Dining hall food, delish? Yes! With a little know-how and maybe a few minutes waiting to use the communal microwave, you can DIY concoctions that are healthy, yummy, and will definitely keep you from snoozing through your afternoon classes.

  • Fall activities for kids

    25 outdoor activities perfect for fall weekends

    The dog days of summer may be well behind us, but that doesn't mean it's time to pack in the outdoor adventures quite yet.

  • Cozy fall nursery items

    8 easy ways to create a cozy fall nursery

    Between the Halloween costume sewing and pumpkin patch outings, you probably don't have time to give your little one's nursery a full-blown Fall makeover. But luckily there are plenty of simple, sweet ways to incorporate the season.

  • How to keep your kids from sabotaging your marriage

    How to keep your kids from sabotaging your marriage

    During the prekids phase of marriage, the focus of your relationship is on a party of two, and if you're lucky, it's pretty blissful.

  • Lucky

    Back to school buys for under $25!

    From about first grade all the way through college, back-to-school shopping meant color-coded lists and endless trips to the local Target. There’s nothing like the giddy feeling of writing in a brand new planner (with colored pens of course). Maybe it was just my OCD kicking in, but getting organized for the new school year felt therapeutic in a Martha Stewart sort of way.

  • Lucky

    The best backpacks under $50

    Every year, my mother insisted on the classic first day of school photo—uniform on, hair bow in place, plus frilly socks and Mary Janes, of course. But no photo opp was complete without my Kipling backpack that was about as big as I was (at least until 2nd grade or so).

  • Lucky

    Grown-up versions of your favorite back-to-school supplies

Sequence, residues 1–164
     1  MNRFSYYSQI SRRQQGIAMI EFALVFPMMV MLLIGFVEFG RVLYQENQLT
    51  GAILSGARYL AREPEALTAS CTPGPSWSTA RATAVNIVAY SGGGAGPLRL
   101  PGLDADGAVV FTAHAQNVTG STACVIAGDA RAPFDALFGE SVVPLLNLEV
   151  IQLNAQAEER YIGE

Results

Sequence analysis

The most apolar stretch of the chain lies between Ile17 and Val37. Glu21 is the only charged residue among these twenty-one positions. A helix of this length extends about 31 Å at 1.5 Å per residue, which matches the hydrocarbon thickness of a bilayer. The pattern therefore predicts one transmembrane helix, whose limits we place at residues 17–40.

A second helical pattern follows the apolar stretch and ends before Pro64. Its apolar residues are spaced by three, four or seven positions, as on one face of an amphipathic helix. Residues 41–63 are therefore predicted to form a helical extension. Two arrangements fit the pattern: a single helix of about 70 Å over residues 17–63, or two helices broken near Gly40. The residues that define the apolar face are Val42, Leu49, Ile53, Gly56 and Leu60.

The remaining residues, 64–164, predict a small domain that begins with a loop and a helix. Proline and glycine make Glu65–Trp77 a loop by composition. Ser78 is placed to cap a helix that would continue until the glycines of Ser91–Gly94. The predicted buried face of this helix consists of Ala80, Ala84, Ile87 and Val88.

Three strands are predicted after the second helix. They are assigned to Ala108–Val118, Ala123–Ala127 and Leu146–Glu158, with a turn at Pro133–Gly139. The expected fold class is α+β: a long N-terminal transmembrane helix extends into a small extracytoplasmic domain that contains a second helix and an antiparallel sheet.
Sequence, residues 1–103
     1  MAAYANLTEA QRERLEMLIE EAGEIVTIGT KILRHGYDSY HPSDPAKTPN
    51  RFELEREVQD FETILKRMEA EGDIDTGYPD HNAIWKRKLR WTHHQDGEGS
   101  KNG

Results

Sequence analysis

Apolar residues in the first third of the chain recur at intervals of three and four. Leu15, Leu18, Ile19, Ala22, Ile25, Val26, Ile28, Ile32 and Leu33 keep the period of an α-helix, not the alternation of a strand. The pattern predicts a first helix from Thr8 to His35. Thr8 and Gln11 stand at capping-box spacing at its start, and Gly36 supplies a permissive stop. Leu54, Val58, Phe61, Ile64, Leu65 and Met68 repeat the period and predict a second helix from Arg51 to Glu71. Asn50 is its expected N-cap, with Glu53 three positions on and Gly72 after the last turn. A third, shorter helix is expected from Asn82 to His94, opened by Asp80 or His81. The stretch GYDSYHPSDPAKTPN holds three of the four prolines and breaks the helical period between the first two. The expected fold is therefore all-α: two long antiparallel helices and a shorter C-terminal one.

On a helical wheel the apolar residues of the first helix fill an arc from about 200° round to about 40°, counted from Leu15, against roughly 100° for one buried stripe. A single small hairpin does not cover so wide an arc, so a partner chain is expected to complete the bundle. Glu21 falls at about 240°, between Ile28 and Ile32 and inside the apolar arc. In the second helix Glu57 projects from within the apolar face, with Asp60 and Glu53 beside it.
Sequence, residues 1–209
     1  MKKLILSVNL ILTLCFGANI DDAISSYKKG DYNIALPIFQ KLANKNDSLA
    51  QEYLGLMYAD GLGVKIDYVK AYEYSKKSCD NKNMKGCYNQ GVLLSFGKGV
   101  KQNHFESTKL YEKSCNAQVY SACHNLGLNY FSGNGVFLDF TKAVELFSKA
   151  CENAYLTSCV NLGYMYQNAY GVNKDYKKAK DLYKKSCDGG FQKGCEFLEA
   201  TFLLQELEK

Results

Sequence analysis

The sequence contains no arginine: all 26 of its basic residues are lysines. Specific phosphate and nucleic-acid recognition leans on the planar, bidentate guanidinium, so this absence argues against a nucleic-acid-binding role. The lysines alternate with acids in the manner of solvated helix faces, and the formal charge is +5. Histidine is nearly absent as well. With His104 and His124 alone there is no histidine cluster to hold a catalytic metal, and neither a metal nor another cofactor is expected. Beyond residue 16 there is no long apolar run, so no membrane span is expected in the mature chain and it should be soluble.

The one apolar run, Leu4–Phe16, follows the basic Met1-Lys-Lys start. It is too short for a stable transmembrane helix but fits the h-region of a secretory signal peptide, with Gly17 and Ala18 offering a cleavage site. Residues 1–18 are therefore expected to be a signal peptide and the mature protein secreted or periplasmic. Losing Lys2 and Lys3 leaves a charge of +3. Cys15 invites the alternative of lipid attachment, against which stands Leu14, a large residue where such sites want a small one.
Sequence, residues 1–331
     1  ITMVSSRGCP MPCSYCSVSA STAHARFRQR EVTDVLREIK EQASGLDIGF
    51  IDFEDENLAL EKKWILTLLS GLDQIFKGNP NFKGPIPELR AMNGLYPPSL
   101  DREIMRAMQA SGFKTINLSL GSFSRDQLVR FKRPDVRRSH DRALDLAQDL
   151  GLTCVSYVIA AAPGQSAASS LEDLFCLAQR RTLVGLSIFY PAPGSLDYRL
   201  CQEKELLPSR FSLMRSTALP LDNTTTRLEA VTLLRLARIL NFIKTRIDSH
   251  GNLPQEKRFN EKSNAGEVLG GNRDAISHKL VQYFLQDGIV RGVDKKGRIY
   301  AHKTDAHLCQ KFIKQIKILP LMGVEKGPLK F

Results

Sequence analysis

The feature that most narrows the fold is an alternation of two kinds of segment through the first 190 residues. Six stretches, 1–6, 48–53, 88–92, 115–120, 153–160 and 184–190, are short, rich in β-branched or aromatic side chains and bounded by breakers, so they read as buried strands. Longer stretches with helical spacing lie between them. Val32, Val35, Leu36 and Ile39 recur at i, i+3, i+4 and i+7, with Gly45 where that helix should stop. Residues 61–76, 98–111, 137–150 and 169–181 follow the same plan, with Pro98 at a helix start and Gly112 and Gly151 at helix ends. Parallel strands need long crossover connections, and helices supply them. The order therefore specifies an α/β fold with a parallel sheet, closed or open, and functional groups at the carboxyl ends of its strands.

Some people make big resolutions right before New Year’s Eve, others on their birthdays, but mine always happen while back-to-school shopping. Something about the pristine, blank pages of my untouched notebooks and crisp, un-sharpened pencils has always made me feel like anything’s possible: This will be the year I actually write down my assignments. I’m going to hole-punch and and organize all my handouts. No more showing up to class unprepared!

  • 6 reasons why making friends with kids is a real accomplishment

    A special relationship that's worth noting.

  • Breastfeeding (Photo: Traci Bianchi)

    30 ways breastfeeding and formula-feeding are exactly the same

    You might have more in common than you think.

  • Todder (Photo: Meredith Hale)

    6 signs the kids are winning

    Feeling outsmarted by your little? So is this mother.

  • Pinterest

    5 things moms think when kids go back to school

    How can it possibly be that time again already? The summer has practically just begun and yet there they are, the school supplies lining store shelves, the new backpack trends, the wardrobe possibilities for our little ones. Here's what moms really think when it's time to prep for back to school...

Loading...
buzzing now on msn living
Loading...
follow us
follow us follow us on facebook follow us on pinterest follow us on twitter
family videos